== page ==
The Mahāyānasūtrālaṃkārabhāṣya (MSABh) attributed to Vasubandhu (5th c.) is an extensive commentary on the Mahāyānasūtrālaṃkāra (MSA). The Sūtrālaṃkāravṛttibhāṣya (SAVBh) attributed to Sthiramati (6th c.) is one of the sub-commentaries on the MSA. The SAVBh provides valuable information and a great help for our correct understanding of the MSABh. In his commentary, however, Sthiramati resorts to different canonical sources from those which the MSABh has relied on. This seems to be a result of his intention to accentuate a distinct character of the MSA/MSABh as a Mahāyāna treatise. In this study, I will examine what kind of canonical sources the MSABh and the SAVBh used in their explanations of thirty-seven practices for attaining enlightenment (saptatriṃśadbodhipakṣadharma), which is one of the main topics in the MSA XVIII, and clarify the difference in their purport of canonical citations. It is well-known that the MSABh shares many teachings and practices with the Yogācārabhūmi (YBh). The MSABh’s chapter structure corresponds to that of the Maulībhūmi of the YBh. As for the topics and contents of each chapter too, there are a lot of similarities between them. The thirty-seven practices for attaining enlightenment find their correspondence in the Vastusaṃgrahaṇī of the YBh. For example, the YBh cites a simile of seven treasures having a wheel-turning king from an āgama, which is identified as the Saṃyutta-āgama in the explanation of the practice of the seven aids for enlightenment (saptabodhyaṅga) that is one of the thirty-seven practices. Vasubandhu cites the same simile in his MSABh XVIII without indicating that it is from the Saṃyutta-āgama. It is highly probable that the MSABh followed the YBh. Thereby, Vasubandhu seems to have intended to demonstrate that his composition, i.e., the MSABh, is one of the treatises belonging to the Yogācāra tradition and therefore to the Mahāyāna stream as well.

After hundred years, however, Sthiramati explains the seven aids for enlightenment based on different scriptural sources. He quotes several Mahāyāna sūtras. Among them, his main source is the Akṣayamatinirdeśasūtra (ANSū), one of the most influential Mahāyāna sūtras. In my view, Sthiramati used those Mahāyāna sūtras for the purpose of emphasizing the superiority of Mahāyāna-Bodhisattvas over Śrāvakas and Pratyekabuddhas. Compared with the MSABh, Sthiramati thus demonstrates their Mahāyāna position by quoting Mahāyāna sūtras as scriptural authority. In this paper, I will discuss Sthiramati’s elucidation of the thirty-seven practices in detail and indicate a certain theoretical development from Vasubandhu to Sthiramati.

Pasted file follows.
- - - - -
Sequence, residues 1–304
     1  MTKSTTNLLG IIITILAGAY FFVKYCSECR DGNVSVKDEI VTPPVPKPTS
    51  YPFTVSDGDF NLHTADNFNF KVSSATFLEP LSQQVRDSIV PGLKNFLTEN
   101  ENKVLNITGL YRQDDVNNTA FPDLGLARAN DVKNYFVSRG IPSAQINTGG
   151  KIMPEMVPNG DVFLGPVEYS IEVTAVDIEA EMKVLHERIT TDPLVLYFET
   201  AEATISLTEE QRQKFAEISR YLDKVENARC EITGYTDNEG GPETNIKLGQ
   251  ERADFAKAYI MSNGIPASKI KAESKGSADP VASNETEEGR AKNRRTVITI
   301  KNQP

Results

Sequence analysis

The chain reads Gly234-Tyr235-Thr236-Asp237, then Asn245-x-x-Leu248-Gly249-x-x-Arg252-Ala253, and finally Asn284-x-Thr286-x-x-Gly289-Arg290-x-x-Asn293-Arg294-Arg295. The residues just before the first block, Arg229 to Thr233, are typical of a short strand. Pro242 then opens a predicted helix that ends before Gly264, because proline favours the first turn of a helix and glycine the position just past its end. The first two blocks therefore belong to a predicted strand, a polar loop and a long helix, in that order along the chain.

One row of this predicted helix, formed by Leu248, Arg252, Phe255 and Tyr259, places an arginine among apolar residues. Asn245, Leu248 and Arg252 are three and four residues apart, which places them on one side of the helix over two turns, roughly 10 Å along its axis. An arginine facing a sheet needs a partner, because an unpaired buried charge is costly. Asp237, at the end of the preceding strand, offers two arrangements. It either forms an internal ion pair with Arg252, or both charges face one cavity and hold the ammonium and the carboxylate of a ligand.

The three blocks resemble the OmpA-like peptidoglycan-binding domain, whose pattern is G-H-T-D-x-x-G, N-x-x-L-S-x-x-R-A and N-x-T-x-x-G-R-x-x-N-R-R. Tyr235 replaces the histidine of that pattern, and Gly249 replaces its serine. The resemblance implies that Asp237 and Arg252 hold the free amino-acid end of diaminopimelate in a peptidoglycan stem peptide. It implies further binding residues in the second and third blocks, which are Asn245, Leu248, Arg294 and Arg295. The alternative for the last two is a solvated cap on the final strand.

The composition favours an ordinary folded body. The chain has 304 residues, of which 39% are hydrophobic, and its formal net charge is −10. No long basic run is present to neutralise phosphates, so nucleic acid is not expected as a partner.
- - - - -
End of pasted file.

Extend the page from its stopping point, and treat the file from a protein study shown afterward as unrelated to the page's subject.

Killing the Buddha: Chan Buddhism and Antinomian Ethics

Nelson, Eric (Lowell, USA)

Critical Buddhism and recent scholarship have aimed at deconstructing the aura of Zen Buddhism by delegitimating its development from Tang Dynasty Chan Buddhism. It has been argued that (1) the images of “wild” Chan masters such as Mazu and Linji have been retrospectively refashioned and stylistically radicalized and (2) the rhetoric of radical spontaneity, non-duality, immediacy, and emptiness associated with the Hongzhou-Linji style of Chan has destructive antinomian and nihilistic consequences. However, the second claim is not a new one but has sources in Tang dynasty Chan Buddhism itself. One of Mazu’s early critics, Zongmi, was concerned with whether the priority of ordinary mind undermined the disciplined cultivation of the Buddhist path and whether his anti-conventionalism entailed the destruction of morality and the ethical life of the community.